State of California Department of Justice
With vote-by-mail ballots on their way to every active registered voter across the state last week, California Attorney General Rob Bonta and Secretary of State Shirley N. Weber, Ph.D. urged all Californians to review the California Voter Bill of Rights, learn more about the state’s voting protections, and make a plan to cast their ballot. By law, Monday, August 16 was the day by which county elections officials were required to begin mailing each registered voter a vote-by-mail ballot. As soon as you receive your ballot, you may cast your vote by mail or through other options made available in your area by county elections officials.
“The right to freely cast your vote is foundational for our system of government,” said Attorney General Bonta. “But it takes each and every one of us doing our part to help ensure our democracy can thrive. To all Californians: I urge you to know your rights and make a plan today for casting your ballot. At the California Department of Justice, we stand ready to do our part to continue to protect all voters in our state. Now’s the time to make your voice heard.”
“Last year, we had a record turnout of more than 17.7 million voters. Registration numbers continue to rise to over 22 million. Democracy clearly matters to the people of California,” said Secretary of State Weber. “To ensure that the outcome of the upcoming recall election reflects the will of the people, Californians have my commitment and that of the Attorney General to protect the right of every eligible voter — regardless of party — to cast their ballot.”
As in the 2020 General Election, every voter in the upcoming recall election will have the option of voting by mail. All vote-by-mail ballots come with a postage paid envelope and, as long as it is postmarked by Election Day on Sept. 14, 2021, the ballot may be validly cast at no cost to the voter through the mail.
On Election Day, the California Department of Justice is on call to provide additional assistance to the Secretary of State’s Office in enforcing California’s election laws where needed through a team of attorneys and administrative staff located across the state.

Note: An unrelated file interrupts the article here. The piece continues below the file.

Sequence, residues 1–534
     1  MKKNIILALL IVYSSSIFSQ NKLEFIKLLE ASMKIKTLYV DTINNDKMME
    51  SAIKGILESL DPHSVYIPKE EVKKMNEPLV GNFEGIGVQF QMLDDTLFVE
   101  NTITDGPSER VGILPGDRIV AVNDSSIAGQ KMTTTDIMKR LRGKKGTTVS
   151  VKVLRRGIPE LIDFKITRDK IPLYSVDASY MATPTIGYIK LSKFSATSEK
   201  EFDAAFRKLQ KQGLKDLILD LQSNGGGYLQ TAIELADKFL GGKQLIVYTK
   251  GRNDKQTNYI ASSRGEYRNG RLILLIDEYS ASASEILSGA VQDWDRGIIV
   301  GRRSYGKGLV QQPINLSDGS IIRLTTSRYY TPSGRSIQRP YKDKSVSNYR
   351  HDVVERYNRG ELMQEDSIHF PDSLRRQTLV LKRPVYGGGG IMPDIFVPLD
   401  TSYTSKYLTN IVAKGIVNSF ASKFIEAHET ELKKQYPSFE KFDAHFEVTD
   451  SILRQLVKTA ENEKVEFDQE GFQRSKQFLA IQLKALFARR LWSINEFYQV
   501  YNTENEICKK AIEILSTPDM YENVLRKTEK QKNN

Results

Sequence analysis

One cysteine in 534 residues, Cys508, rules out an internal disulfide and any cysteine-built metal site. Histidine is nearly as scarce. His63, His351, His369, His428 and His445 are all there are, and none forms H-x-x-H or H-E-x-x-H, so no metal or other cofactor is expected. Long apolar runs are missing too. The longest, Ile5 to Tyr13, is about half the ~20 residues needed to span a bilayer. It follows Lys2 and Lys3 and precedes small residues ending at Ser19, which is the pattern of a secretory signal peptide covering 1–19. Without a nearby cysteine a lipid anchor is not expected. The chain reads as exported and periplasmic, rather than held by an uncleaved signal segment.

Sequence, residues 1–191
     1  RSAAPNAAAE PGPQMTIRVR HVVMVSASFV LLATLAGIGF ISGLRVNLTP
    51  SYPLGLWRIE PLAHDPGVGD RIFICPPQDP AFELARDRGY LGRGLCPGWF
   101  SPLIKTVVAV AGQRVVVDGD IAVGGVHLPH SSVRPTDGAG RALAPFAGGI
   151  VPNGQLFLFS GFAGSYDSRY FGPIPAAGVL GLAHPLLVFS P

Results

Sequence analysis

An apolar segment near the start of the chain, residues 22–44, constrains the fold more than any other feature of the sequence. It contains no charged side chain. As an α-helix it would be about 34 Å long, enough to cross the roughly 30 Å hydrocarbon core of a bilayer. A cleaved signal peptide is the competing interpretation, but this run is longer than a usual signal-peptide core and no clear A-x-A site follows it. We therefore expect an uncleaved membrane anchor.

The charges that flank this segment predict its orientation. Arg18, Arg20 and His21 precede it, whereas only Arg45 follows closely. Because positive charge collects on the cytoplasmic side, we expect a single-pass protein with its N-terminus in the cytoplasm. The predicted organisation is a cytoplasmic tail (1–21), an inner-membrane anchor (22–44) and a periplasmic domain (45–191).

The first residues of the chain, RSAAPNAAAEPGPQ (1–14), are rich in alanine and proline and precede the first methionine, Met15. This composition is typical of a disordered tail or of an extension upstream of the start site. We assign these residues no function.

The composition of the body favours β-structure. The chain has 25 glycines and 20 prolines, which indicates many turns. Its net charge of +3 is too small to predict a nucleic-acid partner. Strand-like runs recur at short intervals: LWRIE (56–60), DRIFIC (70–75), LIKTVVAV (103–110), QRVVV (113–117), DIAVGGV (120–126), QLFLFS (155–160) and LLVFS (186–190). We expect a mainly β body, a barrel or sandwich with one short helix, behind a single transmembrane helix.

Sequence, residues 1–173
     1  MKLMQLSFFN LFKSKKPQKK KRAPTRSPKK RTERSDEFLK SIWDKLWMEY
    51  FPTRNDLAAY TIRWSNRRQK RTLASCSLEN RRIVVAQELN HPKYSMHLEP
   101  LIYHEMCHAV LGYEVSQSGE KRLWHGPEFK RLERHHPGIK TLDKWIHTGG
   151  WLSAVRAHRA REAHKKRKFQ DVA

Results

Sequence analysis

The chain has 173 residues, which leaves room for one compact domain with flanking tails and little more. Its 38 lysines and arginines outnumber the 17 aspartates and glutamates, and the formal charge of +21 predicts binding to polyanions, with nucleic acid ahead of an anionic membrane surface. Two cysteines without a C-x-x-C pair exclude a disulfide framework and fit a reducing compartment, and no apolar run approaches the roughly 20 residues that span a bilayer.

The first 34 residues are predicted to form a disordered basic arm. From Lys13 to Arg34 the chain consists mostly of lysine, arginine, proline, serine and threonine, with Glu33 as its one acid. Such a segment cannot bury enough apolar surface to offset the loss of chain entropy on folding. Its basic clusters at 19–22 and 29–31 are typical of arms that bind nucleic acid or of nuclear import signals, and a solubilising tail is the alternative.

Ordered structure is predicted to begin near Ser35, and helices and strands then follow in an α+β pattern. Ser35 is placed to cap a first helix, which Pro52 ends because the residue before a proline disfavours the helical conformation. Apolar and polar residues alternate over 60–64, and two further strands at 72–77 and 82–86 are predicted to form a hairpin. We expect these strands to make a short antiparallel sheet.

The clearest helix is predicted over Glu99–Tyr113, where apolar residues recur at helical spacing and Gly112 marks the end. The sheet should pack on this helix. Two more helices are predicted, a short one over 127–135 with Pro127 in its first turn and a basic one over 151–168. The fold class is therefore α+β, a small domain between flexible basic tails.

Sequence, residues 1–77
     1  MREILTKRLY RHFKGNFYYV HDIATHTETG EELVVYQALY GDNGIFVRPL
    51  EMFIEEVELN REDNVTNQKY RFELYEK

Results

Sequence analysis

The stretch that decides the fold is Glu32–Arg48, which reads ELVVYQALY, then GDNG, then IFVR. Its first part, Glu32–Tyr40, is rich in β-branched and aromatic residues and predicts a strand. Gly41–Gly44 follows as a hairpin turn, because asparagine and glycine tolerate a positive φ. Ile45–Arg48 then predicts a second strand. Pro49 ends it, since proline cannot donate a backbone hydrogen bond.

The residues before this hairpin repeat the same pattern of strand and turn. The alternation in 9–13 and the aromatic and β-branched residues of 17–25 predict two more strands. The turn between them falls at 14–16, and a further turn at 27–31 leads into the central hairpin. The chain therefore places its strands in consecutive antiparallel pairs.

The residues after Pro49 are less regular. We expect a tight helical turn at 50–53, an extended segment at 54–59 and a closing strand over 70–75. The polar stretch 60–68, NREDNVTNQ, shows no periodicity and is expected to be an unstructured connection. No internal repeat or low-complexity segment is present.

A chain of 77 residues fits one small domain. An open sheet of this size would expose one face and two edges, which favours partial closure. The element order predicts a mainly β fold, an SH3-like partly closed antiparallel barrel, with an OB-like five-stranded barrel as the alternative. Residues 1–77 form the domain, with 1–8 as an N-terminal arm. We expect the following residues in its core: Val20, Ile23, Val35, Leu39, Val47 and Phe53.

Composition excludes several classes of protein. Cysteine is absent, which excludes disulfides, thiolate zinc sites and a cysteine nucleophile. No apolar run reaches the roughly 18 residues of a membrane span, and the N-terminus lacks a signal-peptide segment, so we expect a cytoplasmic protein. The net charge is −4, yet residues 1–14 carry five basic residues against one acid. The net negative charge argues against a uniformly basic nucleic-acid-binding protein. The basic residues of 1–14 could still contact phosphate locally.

Know your rights as a citizen. The California Voter Bill of Rights is available Download the California Voter Bill of Rights at the Secretary of State’s website in nearly 30 different languages by visiting https://www.sos.ca.gov/elections/voter-bill-rights.
In California, you have the right:
To vote if you are a registered voter;
To vote if you are a registered voter even if your name is not on the list;
To vote if you are still in line when the polls close;
To cast a secret ballot;
To get a new ballot if you have made a mistake;
To get help casting your ballot;
To drop off your completed vote-by-mail ballot at any polling place;
To get election materials in a language other than English;
To ask questions to elections officials about election procedures; and
To report any illegal or fraudulent election activity.
If you believe you have been denied any of these rights or you are aware of any election fraud or misconduct, please call the Secretary of State’s confidential toll-free Voter Hotline at (800) 345-VOTE (8683). Under California law, voters are protected from election interference, voter intimidation, and electioneering within 100 feet of a polling place.
California law enforcement agencies are empowered to enforce California’s election laws, including during voting that occurs between now through Election Day. More information on California laws protecting the rights of voters can be found in a law enforcement bulletin at oag.ca.gov/.
It’s important to make sure you have a plan to cast your ballot by Election Day:
Visit vote.ca.gov for helpful election information.
You can also track your vote-by-mail ballot. Sign up with the Secretary of State’s Office at https://wheresmyballot.sos.ca.gov for text, email, or voice status alerts.